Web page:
“Mebby she’ll come back some day,” he said.
That was all, but the others understood.
For nine days Jan raced his dogs into the South. On the tenth they came to Le Pas. It was night when they stopped before the little log hotel, and the gloom hid the twitching in Jan’s face.
“You will stay here—to-night?” asked the woman.
“Me go back—now,” said Jan.
Cummins’ wife came very close to him. She did not urge, for she, too, was suffering the torture of this last parting with the “honor of the Beeg Snows.” It was not the baby’s face that came to Jan’s now, but the woman’s. He felt the soft touch of her lips, and his soul burst forth in a low, agonized cry.
“The good God bless you, and keep you, and care for you evermore, Jan,” she whispered. “Some day we will meet again.”
And she kissed him again, and lifted the child to him, and Jan turned his tired dogs back into the grim desolation of the North, where the Aurora was lighting his way feebly, and beckoning to him, and telling him that the old life of centuries and centuries ago was waiting for him there.
Father Brochet had come south from Fond du Lac, and Weyman, the Hudson’s Bay Company doctor, north through the Geikee River country. They had met at Severn’s cabin, on the Waterfound. Both had come on the same mission—to see Severn; one to keep him from dying, if that was possible, one to comfort him in the last hour, if death came. Severn insisted on living. Bright-eyed, hollow-cheeked, with a racking cough that reddened the gauze handkerchief the doctor had given him, he sat bolstered up in his cot and looked out through the open door with glad and hopeful gaze. Weyman had arrived only half an hour before. Outside was the Indian canoeman who had helped to bring him up.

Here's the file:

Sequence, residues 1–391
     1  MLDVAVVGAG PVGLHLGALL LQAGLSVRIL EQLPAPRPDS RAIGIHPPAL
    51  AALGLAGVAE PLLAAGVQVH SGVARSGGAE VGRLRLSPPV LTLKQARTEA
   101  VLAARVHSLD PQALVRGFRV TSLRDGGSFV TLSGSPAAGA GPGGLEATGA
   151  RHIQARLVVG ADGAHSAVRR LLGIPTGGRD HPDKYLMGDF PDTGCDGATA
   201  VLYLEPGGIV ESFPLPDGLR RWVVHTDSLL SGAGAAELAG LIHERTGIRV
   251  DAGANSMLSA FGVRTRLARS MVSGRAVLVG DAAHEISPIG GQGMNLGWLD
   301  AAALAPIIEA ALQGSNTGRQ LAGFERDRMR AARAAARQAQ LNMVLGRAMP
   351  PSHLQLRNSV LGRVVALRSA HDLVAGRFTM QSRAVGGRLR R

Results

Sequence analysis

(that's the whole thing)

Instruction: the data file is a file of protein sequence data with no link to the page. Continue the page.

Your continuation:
It was a glorious day, such as comes in its full beauty only in the far northern spring, where the air enters the lungs like sharp, warm wine, laden with the tang of spruce and balsam, and the sweetness of the bursting poplar-buds.
“It was mighty good of you to come up,” Severn was saying to the doctor. “The company has always been the best friend I’ve ever had—except one—and that’s why I’ve hung to it all these years, trailing the sledges first as a kid, you know, then trapping, running, and—oh, Lord!”
He stopped to cough, and the little black-frocked missioner, looking across at Weyman, saw him bite his lips.
“That cough hurts, but it’s better,” Severn apologized, smiling weakly. “Funny, ain’t it, a man like me coming down with a cough? Why, I’ve slept in ice a thousand times, with snow for a pillow and the thermometer down to fifty. But this last winter it was cold, seventy or lower, an’ I worked in it when I ought to have been inside, warming my toes. But, you see, I wanted to get the cabin built, an’ things all cleared up about here, before she came. It’s the cold that got me, wasn’t it, doc?”